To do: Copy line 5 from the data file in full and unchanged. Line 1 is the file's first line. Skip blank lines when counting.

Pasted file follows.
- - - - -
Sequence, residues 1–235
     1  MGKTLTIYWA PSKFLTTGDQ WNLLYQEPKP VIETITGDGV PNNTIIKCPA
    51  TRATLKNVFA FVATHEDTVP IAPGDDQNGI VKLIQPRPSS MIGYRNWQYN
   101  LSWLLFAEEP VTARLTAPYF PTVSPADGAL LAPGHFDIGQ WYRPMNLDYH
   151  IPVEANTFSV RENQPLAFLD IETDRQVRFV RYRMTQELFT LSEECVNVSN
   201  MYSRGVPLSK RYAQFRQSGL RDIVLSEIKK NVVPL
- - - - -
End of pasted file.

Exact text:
   151  IPVEANTFSV RENQPLAFLD IETDRQVRFV RYRMTQELFT LSEECVNVSN